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On Dec 16, 2009, at 7:32 AM, Mark Hamburg wrote:

> There's an interesting general argument (meta-argument) there about the notion that the Lua language has a certain number of syntactic/semantic constructs and of those a subset can be overridden via metamethods. The structure of that subset is guided by concerns over issues such as speed, size, and semantics but growing that subset is not a fundamental change in the language though it may introduce new capabilities.
> Besides iteration, some other metamethod extensions that come up include:
> * First class treatment in some form for the colon operator -- i.e., allow it to be more than just syntactic sugar
> * Altered semantics for __index to handle recursive usage -- e.g., pass the base table along
> * Altered semantics for __newindex and/or a new metamethod to catch all writes without needing to use a proxy table
> In this case, the proposal is for the inclusion of an extra step that would execute after evaluating the expression list for a for loop but before actually invoking the loop. The primary cost there would seem to be speed -- it affects all iterations though only slightly if the iteration is large -- and of course VM size. A program that made heavy use of the construct could potentially earn back the VM size cost fairly rapidly.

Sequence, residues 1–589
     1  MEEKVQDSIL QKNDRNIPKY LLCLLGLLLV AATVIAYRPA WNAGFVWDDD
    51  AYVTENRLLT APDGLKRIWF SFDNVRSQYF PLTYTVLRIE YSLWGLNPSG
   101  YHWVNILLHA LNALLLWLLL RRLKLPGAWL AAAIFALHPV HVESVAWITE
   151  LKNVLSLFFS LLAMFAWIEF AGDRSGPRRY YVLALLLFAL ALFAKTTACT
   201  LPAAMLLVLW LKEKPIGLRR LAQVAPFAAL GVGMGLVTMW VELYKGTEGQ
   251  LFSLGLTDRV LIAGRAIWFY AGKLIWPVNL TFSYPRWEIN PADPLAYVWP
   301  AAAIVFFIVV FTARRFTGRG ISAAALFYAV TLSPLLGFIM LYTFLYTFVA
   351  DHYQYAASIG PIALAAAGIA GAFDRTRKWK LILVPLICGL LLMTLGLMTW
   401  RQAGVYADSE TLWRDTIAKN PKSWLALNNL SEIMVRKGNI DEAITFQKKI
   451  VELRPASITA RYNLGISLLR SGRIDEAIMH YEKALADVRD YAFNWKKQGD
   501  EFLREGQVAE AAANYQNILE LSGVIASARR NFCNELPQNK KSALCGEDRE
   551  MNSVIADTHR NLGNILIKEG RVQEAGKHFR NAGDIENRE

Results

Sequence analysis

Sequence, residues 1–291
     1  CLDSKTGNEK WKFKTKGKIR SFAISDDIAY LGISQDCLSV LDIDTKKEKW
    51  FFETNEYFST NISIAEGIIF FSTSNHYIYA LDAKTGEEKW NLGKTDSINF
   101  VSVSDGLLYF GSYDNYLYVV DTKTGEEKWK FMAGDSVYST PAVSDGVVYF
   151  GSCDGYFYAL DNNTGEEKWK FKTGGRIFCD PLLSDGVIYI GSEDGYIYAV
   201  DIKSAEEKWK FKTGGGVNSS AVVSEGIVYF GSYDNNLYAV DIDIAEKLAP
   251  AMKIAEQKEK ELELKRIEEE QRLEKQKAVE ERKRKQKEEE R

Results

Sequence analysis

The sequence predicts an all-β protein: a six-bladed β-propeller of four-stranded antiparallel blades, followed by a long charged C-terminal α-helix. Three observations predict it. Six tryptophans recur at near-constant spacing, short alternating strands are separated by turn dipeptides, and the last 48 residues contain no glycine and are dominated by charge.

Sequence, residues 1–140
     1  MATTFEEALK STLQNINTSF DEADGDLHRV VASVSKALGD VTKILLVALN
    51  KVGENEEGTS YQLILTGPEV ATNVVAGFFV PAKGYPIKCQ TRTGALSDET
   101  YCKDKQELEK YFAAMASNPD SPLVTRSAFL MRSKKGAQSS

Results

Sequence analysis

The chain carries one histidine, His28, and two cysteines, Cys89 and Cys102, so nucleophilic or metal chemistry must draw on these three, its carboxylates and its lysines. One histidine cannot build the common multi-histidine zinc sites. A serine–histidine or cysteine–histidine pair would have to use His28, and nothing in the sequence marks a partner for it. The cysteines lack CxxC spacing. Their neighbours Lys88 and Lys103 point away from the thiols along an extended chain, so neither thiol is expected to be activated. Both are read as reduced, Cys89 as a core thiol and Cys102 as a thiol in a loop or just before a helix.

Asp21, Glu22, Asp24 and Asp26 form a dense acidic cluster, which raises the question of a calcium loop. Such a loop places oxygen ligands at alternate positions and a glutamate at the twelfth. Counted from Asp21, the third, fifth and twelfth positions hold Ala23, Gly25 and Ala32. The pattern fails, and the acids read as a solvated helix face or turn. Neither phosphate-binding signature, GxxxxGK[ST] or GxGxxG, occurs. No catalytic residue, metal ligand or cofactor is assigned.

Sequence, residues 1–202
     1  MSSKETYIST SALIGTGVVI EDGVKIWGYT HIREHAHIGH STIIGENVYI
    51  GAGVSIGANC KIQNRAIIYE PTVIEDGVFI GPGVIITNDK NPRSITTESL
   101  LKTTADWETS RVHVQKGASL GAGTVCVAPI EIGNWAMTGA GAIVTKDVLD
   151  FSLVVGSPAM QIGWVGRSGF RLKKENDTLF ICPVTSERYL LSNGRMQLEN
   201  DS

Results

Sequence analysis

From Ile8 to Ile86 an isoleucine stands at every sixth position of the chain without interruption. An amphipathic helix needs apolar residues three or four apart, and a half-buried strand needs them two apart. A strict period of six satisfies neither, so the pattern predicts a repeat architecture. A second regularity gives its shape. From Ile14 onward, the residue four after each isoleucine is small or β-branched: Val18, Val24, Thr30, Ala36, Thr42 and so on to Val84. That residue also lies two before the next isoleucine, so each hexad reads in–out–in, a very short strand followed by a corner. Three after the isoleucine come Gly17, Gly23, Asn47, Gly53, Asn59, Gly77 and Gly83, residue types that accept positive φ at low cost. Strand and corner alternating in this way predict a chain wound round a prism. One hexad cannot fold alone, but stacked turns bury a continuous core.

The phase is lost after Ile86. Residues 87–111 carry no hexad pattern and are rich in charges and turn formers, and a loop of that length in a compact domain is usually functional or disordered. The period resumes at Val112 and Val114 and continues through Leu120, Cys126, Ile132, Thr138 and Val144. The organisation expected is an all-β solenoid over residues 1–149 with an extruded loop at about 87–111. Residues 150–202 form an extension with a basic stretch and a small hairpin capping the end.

> The proposed semantics, if I gather correctly, are "if the value of the first expression is not a function (fast exit path) and it has an __iter metamethod then invoke that metamethod to get the iterator". What happens, however, if there are multiple expressions in the list? Does the rule just not apply? Does the __iter metamethod receive the additional values as parameters?

The above applies with or without objects though its primary motivation is clearly object-oriented. That said, there is also a big chunk of the motivation that comes from wanting to work in a purely functional context with iterator factories and not have to remember at the end to do the type conversion to an iterator.

That said, the proposed extension also applies if you take "metamethods are about exceptional conditions not about overriding semantics" stance. In this case, the exceptional condition is that the iterator function isn't a function and will fail when we call it. The __iter metamethod provides an opportunity to handle that exception. The boundary gets fuzzier if the iterator function is an object with a __call metamethod, but one could argue that that is essentially just another fallback case.